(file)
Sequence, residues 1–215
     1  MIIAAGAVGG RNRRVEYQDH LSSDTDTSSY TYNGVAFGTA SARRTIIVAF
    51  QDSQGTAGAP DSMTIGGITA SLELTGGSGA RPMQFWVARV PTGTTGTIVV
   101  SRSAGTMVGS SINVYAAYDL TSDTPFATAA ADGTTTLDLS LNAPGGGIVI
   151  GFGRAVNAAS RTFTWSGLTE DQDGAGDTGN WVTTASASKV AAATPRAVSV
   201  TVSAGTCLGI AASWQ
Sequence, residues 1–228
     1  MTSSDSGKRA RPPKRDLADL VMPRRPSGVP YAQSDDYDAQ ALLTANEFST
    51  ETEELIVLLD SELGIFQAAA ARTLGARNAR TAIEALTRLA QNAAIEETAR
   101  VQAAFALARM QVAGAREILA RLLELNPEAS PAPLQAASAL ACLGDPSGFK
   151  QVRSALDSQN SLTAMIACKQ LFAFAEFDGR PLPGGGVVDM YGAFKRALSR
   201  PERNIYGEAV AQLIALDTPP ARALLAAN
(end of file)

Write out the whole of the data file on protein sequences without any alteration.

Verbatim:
Sequence, residues 1–215
     1  MIIAAGAVGG RNRRVEYQDH LSSDTDTSSY TYNGVAFGTA SARRTIIVAF
    51  QDSQGTAGAP DSMTIGGITA SLELTGGSGA RPMQFWVARV PTGTTGTIVV
   101  SRSAGTMVGS SINVYAAYDL TSDTPFATAA ADGTTTLDLS LNAPGGGIVI
   151  GFGRAVNAAS RTFTWSGLTE DQDGAGDTGN WVTTASASKV AAATPRAVSV
   201  TVSAGTCLGI AASWQ
Sequence, residues 1–228
     1  MTSSDSGKRA RPPKRDLADL VMPRRPSGVP YAQSDDYDAQ ALLTANEFST
    51  ETEELIVLLD SELGIFQAAA ARTLGARNAR TAIEALTRLA QNAAIEETAR
   101  VQAAFALARM QVAGAREILA RLLELNPEAS PAPLQAASAL ACLGDPSGFK
   151  QVRSALDSQN SLTAMIACKQ LFAFAEFDGR PLPGGGVVDM YGAFKRALSR
   201  PERNIYGEAV AQLIALDTPP ARALLAAN